‘If we behave normally, this disease will treat us abnormally’. If you are a Kenyan or have been in the country since the beginning of this year, or you just follow news of things that have been happening in Kenya, I don’t have to tell you who said that. We all are not strangers to the invisible enemy known as Covid-19 which has forced humans to change their usual way of life and behave ‘abnormally’ in order to mitigate the effects of the disease. Some of these abnormal behaviours Governments all over the world have been urging their citizens to adopt are social distancing, avoid handshake, wearing masks and washing hands or sanitizing. Some time ago, staying at home the whole day and night would have earned you titles like lazy, introvert, antisocial but now even your own employer urges you to work from home because you risk getting infected or you could be a potential spreder of the virus if you are already infected but are asymptomatic (not showing any symptoms).
We are told leaders should lead by examples and you would expect this would be the case but in the recent past, the opposite has been the case. Social gathering was banned as a way of making sure social distancing is actualized but politicians have been defying this directive by holding rallies with people mingling most of them without masks and huggling together waiting in anticipation for whatever freebies the so called leaders will drop their way.
It is not once or twice we have come across news about local leaders that have been arrested for holding parties and engaging in drinking sprees in various pubs/bars yet we all know the joints are not yet allowed to open for the public. With this leaders as role models, I found it hypocritical when members of the public acted surprised when some teens were arrested in the dead of the night past curfew hours riding in an ambulance, filming themselves drinking alcohol and laughing their hearts out merry making. They just learnt from the best, their so called leaders.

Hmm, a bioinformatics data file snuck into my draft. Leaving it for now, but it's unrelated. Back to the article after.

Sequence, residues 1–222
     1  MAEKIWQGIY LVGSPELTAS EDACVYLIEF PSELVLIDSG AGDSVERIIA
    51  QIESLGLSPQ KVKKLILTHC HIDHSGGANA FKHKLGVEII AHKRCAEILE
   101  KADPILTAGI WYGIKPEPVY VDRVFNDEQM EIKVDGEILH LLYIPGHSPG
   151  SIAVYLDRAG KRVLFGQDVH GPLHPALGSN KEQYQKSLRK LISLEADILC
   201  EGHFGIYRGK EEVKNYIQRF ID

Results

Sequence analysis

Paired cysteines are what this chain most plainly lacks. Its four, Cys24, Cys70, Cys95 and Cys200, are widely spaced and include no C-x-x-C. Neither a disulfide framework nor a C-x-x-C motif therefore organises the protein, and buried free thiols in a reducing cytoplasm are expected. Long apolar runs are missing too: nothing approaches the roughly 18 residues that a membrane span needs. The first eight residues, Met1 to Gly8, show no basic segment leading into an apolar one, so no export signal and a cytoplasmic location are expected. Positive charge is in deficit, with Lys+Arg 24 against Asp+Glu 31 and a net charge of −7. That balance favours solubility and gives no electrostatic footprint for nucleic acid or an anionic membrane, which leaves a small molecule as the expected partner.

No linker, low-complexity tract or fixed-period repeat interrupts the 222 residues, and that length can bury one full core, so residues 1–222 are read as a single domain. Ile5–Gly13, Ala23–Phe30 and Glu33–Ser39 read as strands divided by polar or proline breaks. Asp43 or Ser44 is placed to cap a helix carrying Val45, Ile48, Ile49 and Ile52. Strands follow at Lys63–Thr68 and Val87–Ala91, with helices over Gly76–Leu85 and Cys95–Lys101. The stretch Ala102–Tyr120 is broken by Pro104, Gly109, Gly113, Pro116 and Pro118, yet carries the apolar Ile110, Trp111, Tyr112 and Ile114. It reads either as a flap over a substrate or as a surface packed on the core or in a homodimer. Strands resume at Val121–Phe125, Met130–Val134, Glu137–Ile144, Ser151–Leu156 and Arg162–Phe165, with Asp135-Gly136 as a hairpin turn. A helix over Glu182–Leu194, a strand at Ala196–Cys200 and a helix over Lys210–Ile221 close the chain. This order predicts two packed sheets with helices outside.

Another directive was put in place is that burials should be attended by not more than fifteen people. We all have noticed that some funerals of people or kins of those in positions of power in the country were being held before a huge gathering of people in their hundreds while those who seem to be of a leser god are restricted to just a handful of mourners. The unfortunate event of a husband who had to spend the night under a lorry alone in the rain with his wife’s remains in the casket which he had to push it under a lorry to protect it from being rained on is still fresh in our minds. The other family members including his children and mother were turned back to malindi yet they had reached tharaka nithi. How they managed to pass through all the other check posts without a hitch indicating they had met all the requirements to travel then end up being turned back when they were just about to arrive home is still a riddle everyone who followed up that story still tries to crack.
With all these happening, it is no wonder some people in the community don’t believe covid-19 is real. With this notion in mind, the war against this invisible enemy will not be won any time soon. Sadly, the infection curve will continue rising and more lives will be lost to the pandemic.